How to Support Domestic Violence Survivors During COVID-19

In one quick week in March, schools closed, daycares sent children home and workplaces had to figure out how to get everyone from cubicles to home offices. Everyone struggled to find a new way of transforming our homes into mini schools, daycares and offices. We were all told that the best thing to do was to go be safe at home.

At our office, however, we talk all day about what people should do when home is not safe. As the City of Philadelphia’s Office of Domestic Violence Strategies, our role is to make sure that the voices and experiences of domestic violence survivors are present in the decisions, trainings and policies that impact survivors.

As the project manager for this office, I also went home in March to follow the COVID-19 “stay at home” guidelines. I found myself at home with a full-time job, a partner who is an essential worker, a toddler and a school-aged child. The need to identify a strong community suddenly felt urgent. Finding community for me doesn’t mean just whatever neighborhood I happen to live in. For me, community means the idea that you are part of a bigger group than just your immediate family and that group doesn’t function unless all members are safe and well.

“Community” for domestic violence survivors is often how they reach and maintain safety. Isolating someone from their friends and family is a common tactic of abusive partners, and one of the ways that they ensure their partner won’t leave. Abusive partners will isolate someone to ensure that their voice is the only one the survivor hears.

Imagine you are home with the person that you love the most. You want this relationship to work and are hopeful that it can change for the good. Now imagine that all the other people in your life have been cut off. That one person’s voice becomes the most important and what they think about you is the only point of reference that you have. If the only person you are talking to tells you that something is your fault, that you don’t make good decisions and are a bad person, after a while you might start to believe it and lose your sense of self.  

This was the concern when we all were told to stay at home. The worry was that for survivors of domestic violence, their communities would shrink even more—leaving them without someone to call or talk to when they needed help. Abusive partners often control cell phone usage, monitor internet searches and listen in to phone calls. When a survivor wants to include counseling or support groups in their “community,” domestic violence agencies have to be careful when reaching out to help in a safe way.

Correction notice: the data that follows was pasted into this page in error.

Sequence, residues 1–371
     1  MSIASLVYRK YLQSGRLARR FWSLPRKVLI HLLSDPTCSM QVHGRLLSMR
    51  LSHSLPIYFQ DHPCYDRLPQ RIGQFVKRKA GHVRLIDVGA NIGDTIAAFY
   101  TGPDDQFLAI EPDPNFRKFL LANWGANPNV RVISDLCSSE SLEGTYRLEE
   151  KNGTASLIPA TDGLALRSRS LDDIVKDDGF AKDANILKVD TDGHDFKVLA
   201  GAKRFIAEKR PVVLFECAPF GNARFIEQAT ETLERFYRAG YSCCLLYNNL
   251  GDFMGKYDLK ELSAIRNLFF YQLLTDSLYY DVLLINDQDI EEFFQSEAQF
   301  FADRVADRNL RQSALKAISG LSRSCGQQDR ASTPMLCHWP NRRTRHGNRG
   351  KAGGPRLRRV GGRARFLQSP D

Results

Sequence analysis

But survivors have been creative for years. They call for help when their partner is out. They go to the corner store and make a safety plan with their counselor. They attend support groups, save money on the side and plan for a future where the violence is over. An important part of survivors’ ability to escape domestic violence is through building connections with others and a community of advocates, family and friends

The Office of Domestic Violence Strategies had to be creative during COVID as well. We focused on ensuring that those experiencing domestic violence would be safe at the city’s quarantine sites and that survivors would know which services were still open. In collaboration with other city departments, we included flyers with the domestic violence hotline number in food boxes distributed all over the city, and took advantage of the daily press conference to share information about where and how to file for Protection from Abuse Orders (PFA) while the Courts were closed. Our office received an Innovation Fund grant to create decals with the hotline number to reach survivors in grocery stores. We shifted our collaborative work to be virtual, organized provider meetings and quickly disseminated information to the large domestic violence community through an electronic newsletter. As an office, we will continue to build community support through our leadership role in city-wide collaborative movements.

So, what can you do to be a strong member of your community and to help survivors this Domestic Violence Awareness Month and beyond? You can check on your neighbors. If you’re in Philadelphia or another large city, one of the advantages is that you are often physically close to others by nature of row houses, small yards and apartment living. Ask how someone is doing and then stay quiet and let them really talk to you. Drop off socially distanced baked goods. Sit outside on stoops that are six feet apart and get to know each other. Have Skype calls with the friends that you are worried about. Let them know how to reach you if they ever need help.

If you are a medical/public health professional, ask the families that you encounter about domestic violence. You might be the only thing they have left the house for in weeks. Don’t miss this opportunity to reach a survivor. You don’t have to ask the perfect question. Show concern, ask directly and then offer resources if they disclose. This is a great time to get your team trained on domestic violence. Contact our office or your local DV provider to ask them to provide a training for your team.

If you, or someone you love needs support for an abusive relationship, please contact the Philadelphia Domestic Violence Hotline at 1-866-723-3014 (24/7).



Patti Cruz, MSW, LSW, is a project manager for the City of Philadelphia’s Office of Domestic Violence Strategies. Patti has presented locally and nationally on the topic of intimate partner violence and has 20 years of experience in the social work field.